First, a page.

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Bitcoin Crypto News , why a bipartisan embrace of crypto may never extend to bitcoin,


This week in our Chain Reaction podcast, Anita and I chat with Sequoia Capital's Sean Maguire about why gamers are skeptical of NFTs and where decentralization really matters. More details below.Last week we had our inaugural newsletter and we talked in detail about the changes Twitter can make to expand its crypto business. At the time, I — like many others — was operating under the impression that a Musk Twitter deal was ultimately doomed, but less and behold we've got a deal. Everything is approved at this point, but I can't get over the feeling that something at the eleventh hour is going to end the deal. If that happens, the board of Twitter or Musk will be on the hook for a $1 billion fine for walking away from the deal, but I guess we'll see… this week, I'll be working my way up a controversial bitcoin mining ban. I am working from What a New York regulator and a bill like it could mean for the political reputation of crypto's #1 coin.

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Crypto's biggest skeptics see plenty of reason to criticize the industry, but generally at the center of most complaints is the belief that crypto is contributing little to society while burning large amounts of energy.

While believers of crypto could quibble over the former point until they are out of the blue, the latter is a little harder to disprove. Bitcoin uses an estimated 204.50 terawatt-hours (TWh) of electricity per year at current rates, a number comparable to Thailand's electricity consumption, according to an often cited tracker produced by Digiconomist. Meanwhile Ethereum's energy footprint is half the size but still on par with Kazakhstan's electricity consumption. In 2018 the United States reported total electricity consumption of 4,222.5 TWh.

For some legislators, those numbers are hard to swallow. This week, the New York State Assembly passed a bill that arms Team Crypto. The bill prevents the formation of crypto mining firms in the state that rely on non-renewable electricity. This does not specifically apply to existing facilities. A related bill is currently making its way through the Democrat-controlled state Senate.It's tempting for a whole bunch of reasons.

For one, crypto is fast becoming a partisan topic. Republicans are generally wary of regulating unregulated industries and thus many prominent figures in the party have given their full support behind crypto with some concessions. This includes potential future party leaders such as the governors of Texas and Florida. Meanwhile, crypto's most ardent critics seem to be Democrats, but that doesn't mean it's a party-line issue. President Biden's recent crypto executive order was generally considered too favorable for the space by industry insiders. Energy use appears to be the most prominent sticking point for many regulators looking at broader restrictions.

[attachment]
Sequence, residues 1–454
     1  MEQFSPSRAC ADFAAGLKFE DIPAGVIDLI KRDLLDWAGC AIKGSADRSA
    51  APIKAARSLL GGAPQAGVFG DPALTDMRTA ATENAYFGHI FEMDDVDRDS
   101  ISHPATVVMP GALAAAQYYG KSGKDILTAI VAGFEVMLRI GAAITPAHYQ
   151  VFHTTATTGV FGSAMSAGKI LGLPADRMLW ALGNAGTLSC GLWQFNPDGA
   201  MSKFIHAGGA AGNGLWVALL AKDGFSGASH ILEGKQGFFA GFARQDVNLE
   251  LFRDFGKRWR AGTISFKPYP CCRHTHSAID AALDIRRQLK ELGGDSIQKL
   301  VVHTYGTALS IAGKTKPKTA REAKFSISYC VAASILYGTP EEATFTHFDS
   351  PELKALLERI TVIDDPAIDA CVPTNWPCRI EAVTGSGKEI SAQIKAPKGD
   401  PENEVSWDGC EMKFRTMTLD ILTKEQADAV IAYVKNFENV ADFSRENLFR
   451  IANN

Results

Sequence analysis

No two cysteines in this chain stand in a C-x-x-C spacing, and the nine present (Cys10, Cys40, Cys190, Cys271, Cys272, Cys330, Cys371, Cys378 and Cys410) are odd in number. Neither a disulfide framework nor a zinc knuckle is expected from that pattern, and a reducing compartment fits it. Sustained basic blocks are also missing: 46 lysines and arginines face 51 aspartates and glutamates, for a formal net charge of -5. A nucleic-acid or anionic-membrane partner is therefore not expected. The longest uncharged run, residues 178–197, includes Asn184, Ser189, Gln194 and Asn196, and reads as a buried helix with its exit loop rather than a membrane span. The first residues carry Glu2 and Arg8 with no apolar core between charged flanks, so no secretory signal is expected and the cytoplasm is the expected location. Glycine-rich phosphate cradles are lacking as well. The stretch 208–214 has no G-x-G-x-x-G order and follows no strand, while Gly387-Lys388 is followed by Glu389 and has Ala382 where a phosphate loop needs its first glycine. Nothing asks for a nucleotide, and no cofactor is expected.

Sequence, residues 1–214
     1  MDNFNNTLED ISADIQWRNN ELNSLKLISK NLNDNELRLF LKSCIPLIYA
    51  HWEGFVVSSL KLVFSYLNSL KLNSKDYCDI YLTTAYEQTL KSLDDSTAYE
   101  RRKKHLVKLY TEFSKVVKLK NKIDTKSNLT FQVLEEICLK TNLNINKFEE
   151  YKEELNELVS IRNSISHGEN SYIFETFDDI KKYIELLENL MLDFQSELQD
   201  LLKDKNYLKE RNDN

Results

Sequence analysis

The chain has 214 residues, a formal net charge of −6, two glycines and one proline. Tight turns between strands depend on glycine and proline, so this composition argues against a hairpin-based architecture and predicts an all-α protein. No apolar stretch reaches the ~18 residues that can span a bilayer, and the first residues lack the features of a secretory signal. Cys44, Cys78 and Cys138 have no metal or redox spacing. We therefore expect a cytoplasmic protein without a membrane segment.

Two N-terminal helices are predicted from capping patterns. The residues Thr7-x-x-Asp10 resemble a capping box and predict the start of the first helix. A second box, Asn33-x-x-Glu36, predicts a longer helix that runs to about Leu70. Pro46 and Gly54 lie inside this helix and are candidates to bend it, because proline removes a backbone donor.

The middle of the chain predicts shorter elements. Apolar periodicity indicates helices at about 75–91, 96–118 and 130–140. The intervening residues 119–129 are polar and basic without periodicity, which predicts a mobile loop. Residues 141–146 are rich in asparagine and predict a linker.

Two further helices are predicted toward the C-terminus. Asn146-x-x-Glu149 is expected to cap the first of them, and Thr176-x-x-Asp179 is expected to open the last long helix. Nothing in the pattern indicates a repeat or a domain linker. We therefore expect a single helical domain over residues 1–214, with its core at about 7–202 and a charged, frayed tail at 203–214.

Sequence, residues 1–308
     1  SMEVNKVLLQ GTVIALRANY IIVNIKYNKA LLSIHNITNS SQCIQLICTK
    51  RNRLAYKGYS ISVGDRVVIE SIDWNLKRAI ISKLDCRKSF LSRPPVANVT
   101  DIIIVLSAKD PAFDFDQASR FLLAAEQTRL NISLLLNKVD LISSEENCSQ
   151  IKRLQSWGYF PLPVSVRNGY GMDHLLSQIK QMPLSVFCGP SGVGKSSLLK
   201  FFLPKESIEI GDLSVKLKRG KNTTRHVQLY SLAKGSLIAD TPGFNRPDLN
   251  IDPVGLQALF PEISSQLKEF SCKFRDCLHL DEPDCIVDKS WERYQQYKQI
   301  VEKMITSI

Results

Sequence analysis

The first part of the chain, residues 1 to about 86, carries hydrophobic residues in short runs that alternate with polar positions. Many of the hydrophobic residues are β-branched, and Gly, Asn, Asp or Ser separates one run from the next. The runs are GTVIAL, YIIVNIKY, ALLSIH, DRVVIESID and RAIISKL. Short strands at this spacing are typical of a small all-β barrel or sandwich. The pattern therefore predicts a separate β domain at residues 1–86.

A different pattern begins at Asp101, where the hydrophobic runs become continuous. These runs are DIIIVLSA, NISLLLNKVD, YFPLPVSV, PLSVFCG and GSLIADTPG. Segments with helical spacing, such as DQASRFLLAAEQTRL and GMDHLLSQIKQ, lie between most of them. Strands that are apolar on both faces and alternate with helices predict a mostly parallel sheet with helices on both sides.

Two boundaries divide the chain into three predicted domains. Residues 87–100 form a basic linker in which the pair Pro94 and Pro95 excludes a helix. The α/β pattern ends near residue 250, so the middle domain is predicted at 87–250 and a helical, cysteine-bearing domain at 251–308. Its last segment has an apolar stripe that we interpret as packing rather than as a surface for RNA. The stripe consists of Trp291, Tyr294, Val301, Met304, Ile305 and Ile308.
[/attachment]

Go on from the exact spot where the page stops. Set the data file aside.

The second reason it's interesting is that the bill actually affects only a few major crypto networks, but includes the two biggest ones - Bitcoin and Ethereum.

These networks use something called a proof-of-work mechanism to secure their network. The work in this case is mining which involves computers working round the clock to essentially solve math problems that are protecting the integrity of the blockchain, making it easier for hackers to conduct unauthorized transactions and steal tokens from the network. Overwhelming becomes extremely costly and technically challenging. Crypto is generally moving away from proof-of-work, in particular, Ethereum is deep in the process of shifting its network towards a less energy-intensive consensus method. But bitcoin is unlikely to make its transition, suggesting that regulatory maneuvers, like the New York bills, are likely to be particularly increasingly hostile to bitcoin (and some smaller networks).

This could lead to an interesting scenario where the crypto industry increasingly finds mainstream tolerance among its current critics but bitcoin finds itself more and more politically isolated.

Bitcoin already broadcasts its liberal leanings slightly more prominently than other blockchains. At recent industry events, it is becoming clear that the philosophy of the bitcoin network infrastructure is increasingly its most cohesive element, amid a growing developer ecosystem for blockchains such as Ethereum and Solana. Continued resistance to criticism of bitcoin and calls for change may only encourage its supporters, but criticism surrounding the network's power consumption is going nowhere and further adoption could make it a more visible target for aggressive regulation. Is.

Some politicians may grow to love crypto but equally hate bitcoin.

Hey you all, it's Anita here. Our second episode of the weekly Chain Reaction podcast just dropped, and this week, we're so immersed in Elon Musk/Twitter news that we thought we'd tackle the first two other topics to take our mind off the bird app. another.

I wrote earlier this week about how Fidelity, the largest retirement planning provider in the United States, announced its plan to bring bitcoin to 401(k) plans, which are administered to 23,000 companies. It's a bold move from this traditional designation as it legalizes crypto as a long-term investment just a month after regulators tried to discourage retirement plan providers from doing so. We did the podcast back and forth with some enthusiasts to see who would benefit from Fidelity's move, especially if it turns out to be a bigger trend. Personally, I think this news is great for non-billionaires - you can read why in my latest for TC+ here

How To Secure Bitcoin And Other Crypto Wallet ?

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